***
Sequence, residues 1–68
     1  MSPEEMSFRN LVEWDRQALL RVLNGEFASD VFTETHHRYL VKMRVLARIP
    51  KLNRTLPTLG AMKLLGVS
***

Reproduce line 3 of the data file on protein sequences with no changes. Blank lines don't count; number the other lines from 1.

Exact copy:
    51  KLNRTLPTLG AMKLLGVS